Solstice Night is the traditional time to set goals. On that night, we sit by the fire, review the year, and plan for the next. I’ve been thinking about the goals for the garden already; two are building upon existing systems and the third is new. Once I am clear on my goals, I am going to post them in the greenhouse, so I will see them almost every day!
I want to harvest a few cabbages in the late winter from my back yard. It is not an impossible goal; the winter weather will not kill an over-wintered crop, if it is protected. The key is in the timing. I need to find a variety that will grow large in the heat of the summer without splitting and bolting, and then hold through the rains and slug munch of December and January.
I have some small cabbages in the garden right now from this year, which I planted in June, but I’d like a big, glorious head on Candlemas. I will be closely reading the Territorial Seed catalog when it comes!
This is always a trick. I start out strong and fade in the flurry of June and July. What I really need is a five-year system to track planting dates and weather patterns. I am good at the big picture; I plan out the bed rotation every January based on a system I designed ten years ago. Then I draw the garden plan, hang it on the fridge, and mark all of the planting dates.
By harvest, I am down to about 50 percent. I bought a notebook last month and I’ve been practicing every week: prep, plant, harvest, preserve, weather, chicken notes, and miscellany. Close record-keeping would improve my planting systems and eliminate arguments over old weather patterns.
Last summer, we built a greenhouse with solar panels on the roof in the last sunny spot of the backyard. It is not huge. It has a clawfoot tub at one end (set up to water the surrounding garden beds in summer), two garden beds that reach down into earth, one three by eight and the other a funky triangle, and some large pots that held tomatoes this fall. It will have a shelf to hold seedlings by February.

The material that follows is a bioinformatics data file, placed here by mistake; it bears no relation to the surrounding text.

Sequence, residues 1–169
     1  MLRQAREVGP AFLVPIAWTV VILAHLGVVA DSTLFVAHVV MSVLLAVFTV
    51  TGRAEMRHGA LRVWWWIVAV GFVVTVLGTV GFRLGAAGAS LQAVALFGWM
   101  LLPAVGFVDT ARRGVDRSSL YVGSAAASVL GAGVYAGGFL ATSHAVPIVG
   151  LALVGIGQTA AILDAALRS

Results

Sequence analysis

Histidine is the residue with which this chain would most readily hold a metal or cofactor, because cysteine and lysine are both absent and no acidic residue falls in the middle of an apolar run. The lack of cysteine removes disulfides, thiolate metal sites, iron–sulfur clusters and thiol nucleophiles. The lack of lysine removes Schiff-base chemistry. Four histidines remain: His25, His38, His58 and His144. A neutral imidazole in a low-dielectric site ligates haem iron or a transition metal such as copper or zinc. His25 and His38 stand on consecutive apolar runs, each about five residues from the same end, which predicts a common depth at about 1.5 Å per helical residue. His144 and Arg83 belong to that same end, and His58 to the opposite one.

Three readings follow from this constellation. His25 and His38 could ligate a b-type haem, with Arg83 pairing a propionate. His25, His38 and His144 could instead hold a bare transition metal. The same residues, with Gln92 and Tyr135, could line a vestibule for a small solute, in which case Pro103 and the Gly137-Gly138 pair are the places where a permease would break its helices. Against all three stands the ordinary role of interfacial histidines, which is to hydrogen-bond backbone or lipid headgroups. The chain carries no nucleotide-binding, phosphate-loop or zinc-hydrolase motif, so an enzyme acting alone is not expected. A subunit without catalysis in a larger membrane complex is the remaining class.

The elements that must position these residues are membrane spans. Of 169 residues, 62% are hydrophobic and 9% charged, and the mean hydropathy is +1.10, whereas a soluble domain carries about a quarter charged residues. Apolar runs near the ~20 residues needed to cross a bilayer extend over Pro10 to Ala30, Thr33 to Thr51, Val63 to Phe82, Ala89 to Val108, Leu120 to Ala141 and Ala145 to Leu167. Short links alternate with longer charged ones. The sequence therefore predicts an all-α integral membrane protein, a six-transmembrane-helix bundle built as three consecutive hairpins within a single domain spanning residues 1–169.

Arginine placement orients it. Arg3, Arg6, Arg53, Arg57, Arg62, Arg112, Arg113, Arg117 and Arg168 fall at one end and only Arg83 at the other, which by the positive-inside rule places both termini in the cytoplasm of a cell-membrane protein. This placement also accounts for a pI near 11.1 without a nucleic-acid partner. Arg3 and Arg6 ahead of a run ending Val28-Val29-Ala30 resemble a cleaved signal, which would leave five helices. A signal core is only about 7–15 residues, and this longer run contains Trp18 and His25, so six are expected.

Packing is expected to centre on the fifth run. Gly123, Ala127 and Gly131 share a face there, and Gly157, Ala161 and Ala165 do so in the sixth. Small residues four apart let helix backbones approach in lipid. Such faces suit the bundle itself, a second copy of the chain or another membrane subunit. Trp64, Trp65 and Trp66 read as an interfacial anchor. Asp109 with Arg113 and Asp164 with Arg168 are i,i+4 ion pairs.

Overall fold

It is a “cold” greenhouse; we do not heat it. But, my scented geraniums survived a week of nights in the low twenties a few weeks ago, so it provides some protection. I grew some salad greens in the small bed this fall and hauled the longkeeper tomatoes inside in mid-September, when the rains started. They produced until mid-November.
This year, I will begin exploring greenhouse management. Will tomatoes sprout inside, or will I still need to start them in my classroom? Will I need a little heating pad for the first round of kales and mustards in early February? Can I direct seed salad greens without slug munch? Can we finally grow a few eggplants? Come fall, how early will I have to start greens to eat them on Winter Solstice? Would the cabbages do well inside? What about pests and mildew?
I plan to sow a six-pack of lettuce and mustard seeds each week to watch germination and growth this spring.
Charlyn Ellis has been growing vegetables since she was five years old, when her mother bought her her first rake and pitchfork. She and her family are urban homesteaders and have a large organic vegetable garden, fruit trees, a beehive, four chickens, one rabbit, and two cats on a small urban lot in the center of town, surrounded by college students. Charlyn considers permaculture principles when she makes changes in her designs, especially the idea that the problem is the solution. Find her online at 21st Street Urban Homestead, and read all of Charlyn's MOTHER EARTH NEWS posts here.
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